Altera FPGAs accelerate algorithms in Texas academic compute resource

November 16, 2015 // By Graham Prophet
A new server cluster uses Altera FPGAs to help researchers and academia run complex algorithmic-based research.

Programmable logic technology from Altera is now in place inside an advanced server cluster at the Texas Advanced Computing Center (TACC) at The University Texas at Austin, which seeks to help researchers and academia to run complex algorithmic-based research. Microsoft Research shared more about the server cluster becoming available for research use at TACC, in a blog post today:

Altera field programmable gate arrays (FPGAs) are used as accelerators on the Microsoft Project Catapult board, and turn commodity servers into high-performance, power-efficient machines. Researchers are being invited to use TACC resources to run their software programs and algorithms, associated with, but not limited to, deep learning, convolutional neural networks (CNN), facial and object recognition, online search, and even genomic research. TACC also offers free use of boards to students, professors and the community in its ongoing effort to provide access to world-class high performance computing systems.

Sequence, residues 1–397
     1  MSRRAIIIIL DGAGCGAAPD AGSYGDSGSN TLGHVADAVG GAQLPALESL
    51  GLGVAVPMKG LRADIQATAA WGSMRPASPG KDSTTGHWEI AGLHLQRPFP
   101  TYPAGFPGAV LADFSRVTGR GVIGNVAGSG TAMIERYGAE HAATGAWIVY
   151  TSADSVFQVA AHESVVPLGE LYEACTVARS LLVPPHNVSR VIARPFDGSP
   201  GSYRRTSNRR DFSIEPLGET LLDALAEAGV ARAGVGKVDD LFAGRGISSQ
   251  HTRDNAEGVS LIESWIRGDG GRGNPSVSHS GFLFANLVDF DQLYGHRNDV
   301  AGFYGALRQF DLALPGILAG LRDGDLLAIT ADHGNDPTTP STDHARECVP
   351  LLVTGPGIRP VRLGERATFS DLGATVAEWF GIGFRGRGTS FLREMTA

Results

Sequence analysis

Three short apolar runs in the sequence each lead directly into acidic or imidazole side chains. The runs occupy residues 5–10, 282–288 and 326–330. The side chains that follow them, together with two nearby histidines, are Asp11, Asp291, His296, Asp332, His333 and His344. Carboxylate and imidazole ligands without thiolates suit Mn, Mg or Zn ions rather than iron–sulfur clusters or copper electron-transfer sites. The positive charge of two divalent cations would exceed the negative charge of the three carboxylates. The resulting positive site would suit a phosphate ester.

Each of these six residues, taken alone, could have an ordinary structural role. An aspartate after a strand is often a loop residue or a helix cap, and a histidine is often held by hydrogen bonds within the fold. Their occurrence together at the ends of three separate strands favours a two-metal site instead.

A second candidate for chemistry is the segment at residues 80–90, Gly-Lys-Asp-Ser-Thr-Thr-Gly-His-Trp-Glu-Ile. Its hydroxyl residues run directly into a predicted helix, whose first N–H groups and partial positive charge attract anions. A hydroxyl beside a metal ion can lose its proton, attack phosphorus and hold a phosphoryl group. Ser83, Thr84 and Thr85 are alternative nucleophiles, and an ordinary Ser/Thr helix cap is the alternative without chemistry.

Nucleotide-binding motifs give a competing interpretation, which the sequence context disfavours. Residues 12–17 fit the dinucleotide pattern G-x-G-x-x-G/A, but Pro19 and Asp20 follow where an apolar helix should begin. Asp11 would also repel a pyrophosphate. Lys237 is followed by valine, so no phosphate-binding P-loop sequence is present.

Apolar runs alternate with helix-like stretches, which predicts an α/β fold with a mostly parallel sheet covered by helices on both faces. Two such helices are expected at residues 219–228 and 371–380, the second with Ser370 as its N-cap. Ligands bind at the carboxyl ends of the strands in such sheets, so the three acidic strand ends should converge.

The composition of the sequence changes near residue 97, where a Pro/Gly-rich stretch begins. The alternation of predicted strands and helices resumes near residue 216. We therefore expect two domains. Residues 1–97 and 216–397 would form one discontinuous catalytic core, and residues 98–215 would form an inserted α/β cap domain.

“TACC?s 14-year history is impressive, and we are pleased Altera technology will be the latest asset in the centre's compute arsenal,” said Erhaan Shaikh, vice president, Infrastructure Division, Altera Business Units. “By making these high-performance servers with our FPGAs inside available to researchers, we anticipate that much progress will be made in the fields of science, math, medicine and all areas requiring these powerful computations.”

The Texas Advanced Computing Center (TACC) designs and operates some of the world's most powerful computing resources. The centre's mission is to enable discoveries that advance science and society through the application of advanced computing technologies. To learn more about TACC, visit

Altera FPGAs are enabling higher speed data processing by providing customised high-bandwidth, low-latency connections to network and storage systems, as well as implementing compression, data filtering, and algorithmic acceleration.